Stokoff is a country singer who is raising a lot of eyebrows

The rustling of an acoustic guitar. The faint hum of an electric six-string haunting the background. A harmony as searing as the fiddles conjuring it up are. In “Embrujo,” Stokoff is pulling out all the stops to give us a one of a kind country jam accessible to fans of the old school Nashville model and the alternative country movement of today alike, and although it’s one of the more diversely colorful songs of its kind to debut this fall (as all of his material to see widespread release has been), this is a single that works for a couple of undeniably big reasons. Right off the bat, we’re getting a lot of textural expression from the instrumentation, and whether we’re watching the rip-roar music video or simply indulging in the track on its own, the energetic attitude of the players translates really well regardless. Stokoff’s brand of country isn’t like any other that I’ve heard lately, and while it’s yet to be determined how good (or bad) this is for the up and coming singer/songwriter, its uniqueness is on full display in the exotic “Embrujo” for everyone to judge for themselves.


There are a lot of influences in play here, with the most prominent being South American folk music and western-style country, but I don’t see these two as being the only defining elements in Stokoff’s sound. Contrarily, I hear shades of rock, pop and even a little bit of Latin swing, and while I can see it getting to be too overwhelming for novice music enthusiasts in a couple of spots, it’s a really intriguing cocktail of themes for the more seasoned critics and connoisseurs like myself.

I do not get the impression that he’s going for some sort of revolutionary hybridity in “Embrujo,” or really any of the tracks that he’s recorded thus far in his career; if anything, I think that this is an artist who is legitimately committed to being himself and playing the music that has always inspired him. The music video has a more well-rounded production value than the single does, but again, I don’t believe that sparkling polish was of any great importance to Stokoff here. He wants to flex some melodic muscle, show off his poetic abilities and, most important of all, bang out a fun groove that country fans everywhere can dance to this fall.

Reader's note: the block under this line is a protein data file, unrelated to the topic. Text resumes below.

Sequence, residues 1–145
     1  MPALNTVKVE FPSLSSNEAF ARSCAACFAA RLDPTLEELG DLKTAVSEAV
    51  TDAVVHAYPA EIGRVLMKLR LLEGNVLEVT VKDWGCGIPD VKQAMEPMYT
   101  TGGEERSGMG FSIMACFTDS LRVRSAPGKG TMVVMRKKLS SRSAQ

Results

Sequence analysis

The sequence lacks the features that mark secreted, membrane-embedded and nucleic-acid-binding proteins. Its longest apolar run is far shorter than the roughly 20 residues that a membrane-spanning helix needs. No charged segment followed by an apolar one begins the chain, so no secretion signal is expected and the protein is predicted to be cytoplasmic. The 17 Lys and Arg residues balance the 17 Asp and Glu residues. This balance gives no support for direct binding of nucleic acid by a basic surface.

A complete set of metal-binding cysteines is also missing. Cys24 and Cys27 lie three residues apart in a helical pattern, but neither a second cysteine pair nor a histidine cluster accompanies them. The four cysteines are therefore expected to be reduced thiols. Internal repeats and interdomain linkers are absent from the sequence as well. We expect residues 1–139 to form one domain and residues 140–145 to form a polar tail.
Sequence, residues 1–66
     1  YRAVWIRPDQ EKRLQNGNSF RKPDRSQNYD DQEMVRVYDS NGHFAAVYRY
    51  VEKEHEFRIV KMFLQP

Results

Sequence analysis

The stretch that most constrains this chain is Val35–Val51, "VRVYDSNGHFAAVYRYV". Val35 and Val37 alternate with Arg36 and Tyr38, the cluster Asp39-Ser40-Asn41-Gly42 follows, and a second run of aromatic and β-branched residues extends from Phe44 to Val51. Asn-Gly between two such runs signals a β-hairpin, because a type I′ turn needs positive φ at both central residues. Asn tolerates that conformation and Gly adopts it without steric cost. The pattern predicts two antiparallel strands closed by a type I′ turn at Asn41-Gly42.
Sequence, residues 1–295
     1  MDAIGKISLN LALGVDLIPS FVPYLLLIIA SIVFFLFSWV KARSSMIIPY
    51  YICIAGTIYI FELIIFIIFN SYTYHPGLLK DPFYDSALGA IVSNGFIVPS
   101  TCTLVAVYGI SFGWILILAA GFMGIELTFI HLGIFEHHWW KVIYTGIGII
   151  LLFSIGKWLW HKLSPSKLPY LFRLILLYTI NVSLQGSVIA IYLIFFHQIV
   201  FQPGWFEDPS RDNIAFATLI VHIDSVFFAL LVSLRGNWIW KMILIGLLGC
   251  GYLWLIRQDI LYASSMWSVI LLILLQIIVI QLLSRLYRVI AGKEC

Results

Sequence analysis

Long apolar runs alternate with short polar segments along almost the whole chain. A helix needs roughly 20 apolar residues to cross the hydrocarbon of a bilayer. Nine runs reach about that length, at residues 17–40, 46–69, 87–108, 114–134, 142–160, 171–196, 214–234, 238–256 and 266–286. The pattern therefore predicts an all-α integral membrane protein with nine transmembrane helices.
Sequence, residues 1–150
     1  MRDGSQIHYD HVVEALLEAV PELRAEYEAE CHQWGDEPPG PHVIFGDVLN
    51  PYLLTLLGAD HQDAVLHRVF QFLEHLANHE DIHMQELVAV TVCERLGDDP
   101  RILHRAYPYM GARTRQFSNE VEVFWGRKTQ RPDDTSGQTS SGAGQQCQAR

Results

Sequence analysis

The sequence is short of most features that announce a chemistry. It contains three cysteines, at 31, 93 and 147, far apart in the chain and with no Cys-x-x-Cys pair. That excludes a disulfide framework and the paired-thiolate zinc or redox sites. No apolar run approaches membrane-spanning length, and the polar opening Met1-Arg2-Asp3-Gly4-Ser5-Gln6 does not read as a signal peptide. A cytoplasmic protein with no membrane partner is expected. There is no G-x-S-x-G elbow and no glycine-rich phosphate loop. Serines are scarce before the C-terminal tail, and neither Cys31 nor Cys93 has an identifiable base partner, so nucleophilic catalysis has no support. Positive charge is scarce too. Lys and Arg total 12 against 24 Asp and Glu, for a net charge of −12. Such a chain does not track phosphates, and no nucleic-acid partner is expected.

For better or worse, Stokoff is a country singer who is raising a lot of eyebrows in both the underground and the mainstream at the moment, and it’s easy for me to understand what all of the hype has been about after taking in this latest release. “Embrujo” is a big ol’ honky tonk anthem that doesn’t rattle as much as it rolls, and in the modern Nashville lexicon, that’s pretty hard to come by. I’m curious to see what he does to develop his sound further in the next few years, but whether he sticks with this blueprint in his future endeavors or not, I’ll be keeping him on my radar either way, just the same.

Anne Hollister

Written by Anne Hollister

We do music reviews for Independent Artists and Publicists.



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